It’s rare for me to get more than 20 minutes at a time in the kitchen so I try to always have a list in my head of quick tasks I can get done during those tiny windows. I’ll use one to start a loaf of bread. I’ll use another to get a pot of soup started. Sometimes I’ll use another to roast some vegetables or even just set up my mise en place for that night’s dinner. It’s always faster cooking when you’ve got everything out and organized in front of you. If I can, I’ll usually use try to work on two meals at a time since it’s more efficient that way. I’ll work on a pasta sauce while I’m baking bread or I’ll have a stew simmering while I cook some quinoa.
Sometime around 3 or 4 I’ll check in with Chris to see what we’re feeling for dinner. Since I try to make a lot of stuff that can be done ahead of time or done very quickly, it doesn’t matter so much what we decide on, as long as its one of the 4 or 5 options we have ingredients for. Tonight we decide to make a quick pasta with spinach, pine nuts, and mushrooms in an anchovy and garlic “sauce” so my only prep for the night is to rehydrate some dried mushrooms and wash and clean some spinach. I also start a loaf of bread in the 15 minutes I get while Will naps.
Tuesday Night: Chris gets home from work around 5:30, changes his clothes, gives Will a hug, and we all head into the kitchen together.
We’ve tried putting Will to bed at every hour between 5pm and 11pm and while we can get him to take a little evening nap sometimes, he never falls asleep for good until around 10 or 11pm. Apparently both Chris and I did the same thing until we were about 6 months old so we do what we can to try to get him to fall asleep earlier but we don’t sweat it too much. Anyways.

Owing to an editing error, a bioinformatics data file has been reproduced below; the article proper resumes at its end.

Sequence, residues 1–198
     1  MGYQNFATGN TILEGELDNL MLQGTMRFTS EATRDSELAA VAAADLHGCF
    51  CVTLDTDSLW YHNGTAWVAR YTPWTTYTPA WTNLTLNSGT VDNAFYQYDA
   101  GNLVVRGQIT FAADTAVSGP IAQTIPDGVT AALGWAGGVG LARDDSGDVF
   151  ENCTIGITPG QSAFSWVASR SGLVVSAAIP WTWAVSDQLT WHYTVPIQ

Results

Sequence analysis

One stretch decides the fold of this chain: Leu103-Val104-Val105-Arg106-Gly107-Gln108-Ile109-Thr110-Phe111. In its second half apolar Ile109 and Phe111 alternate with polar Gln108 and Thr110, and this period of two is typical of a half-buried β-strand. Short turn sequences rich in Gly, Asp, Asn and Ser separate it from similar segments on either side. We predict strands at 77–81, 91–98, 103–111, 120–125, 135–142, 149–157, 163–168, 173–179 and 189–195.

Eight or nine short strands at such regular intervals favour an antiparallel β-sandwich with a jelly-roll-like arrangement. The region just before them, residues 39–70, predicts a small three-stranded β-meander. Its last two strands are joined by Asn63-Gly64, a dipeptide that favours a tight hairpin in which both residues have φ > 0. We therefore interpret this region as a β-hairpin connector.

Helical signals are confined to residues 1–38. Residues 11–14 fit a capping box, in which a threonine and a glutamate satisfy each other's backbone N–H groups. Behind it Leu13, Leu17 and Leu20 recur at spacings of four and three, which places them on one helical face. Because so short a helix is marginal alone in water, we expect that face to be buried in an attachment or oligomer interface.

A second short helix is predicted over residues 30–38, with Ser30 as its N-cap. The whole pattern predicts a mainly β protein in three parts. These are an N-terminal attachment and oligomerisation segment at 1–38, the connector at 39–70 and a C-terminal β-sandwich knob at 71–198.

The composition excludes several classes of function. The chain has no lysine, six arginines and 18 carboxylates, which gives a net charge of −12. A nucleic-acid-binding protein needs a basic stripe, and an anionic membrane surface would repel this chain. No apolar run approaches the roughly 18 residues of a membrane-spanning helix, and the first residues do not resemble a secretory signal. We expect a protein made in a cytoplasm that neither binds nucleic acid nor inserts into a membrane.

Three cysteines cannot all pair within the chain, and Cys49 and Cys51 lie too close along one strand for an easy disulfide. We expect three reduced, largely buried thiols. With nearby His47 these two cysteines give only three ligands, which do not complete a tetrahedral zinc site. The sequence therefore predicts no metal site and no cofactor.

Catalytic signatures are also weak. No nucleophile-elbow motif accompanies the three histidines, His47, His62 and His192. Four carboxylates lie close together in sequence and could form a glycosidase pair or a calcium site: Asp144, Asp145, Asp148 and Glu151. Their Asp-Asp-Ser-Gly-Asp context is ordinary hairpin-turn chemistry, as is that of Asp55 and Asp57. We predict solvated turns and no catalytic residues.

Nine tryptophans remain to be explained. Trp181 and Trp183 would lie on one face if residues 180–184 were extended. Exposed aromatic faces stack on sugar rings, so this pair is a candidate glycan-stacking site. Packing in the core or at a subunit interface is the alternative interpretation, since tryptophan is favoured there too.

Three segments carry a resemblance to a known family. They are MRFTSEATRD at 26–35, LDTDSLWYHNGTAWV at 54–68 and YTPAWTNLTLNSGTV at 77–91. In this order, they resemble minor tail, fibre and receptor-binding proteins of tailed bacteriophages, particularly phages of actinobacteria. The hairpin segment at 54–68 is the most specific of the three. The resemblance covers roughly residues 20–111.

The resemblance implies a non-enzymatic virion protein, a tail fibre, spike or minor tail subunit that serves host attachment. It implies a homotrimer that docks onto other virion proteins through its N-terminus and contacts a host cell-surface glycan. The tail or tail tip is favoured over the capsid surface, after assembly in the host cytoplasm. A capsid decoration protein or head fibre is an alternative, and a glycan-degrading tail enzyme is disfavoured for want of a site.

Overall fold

Usually one of us will cook while the other one is on Will duty. If I’m cooking, Chris will go get Will ready for bed and then come into the kitchen with him so we can talk while I cook and he cuddles Will. Other nights, I take care of Will while Chris cooks. It’s split pretty 50-50.
We usually have dinner on the table by 6:30 at the latest. We put Will in his little bouncer on top of the table in his pjs so that he can eat with us. Even though he’s too little to contribute or even eat any of the food, its still nice to have a family dinner. Tonight’s pasta dish is a success in that it uses up some of the massive supply of Chinese pine-nuts that we have in our freezer and we like the flavor profile they add. We definitely used the wrong kind of mushrooms though so we’ll keep in this dish in the rotation but change it up a little bit probably.
After diner Chris will do the dishes and wash any other produce that needs washing for the next day while I go on Will duty again, reading him some stories and cuddling in hopes that maybe tonight will be the night he falls asleep before 10. Spoiler alert: it isn’t.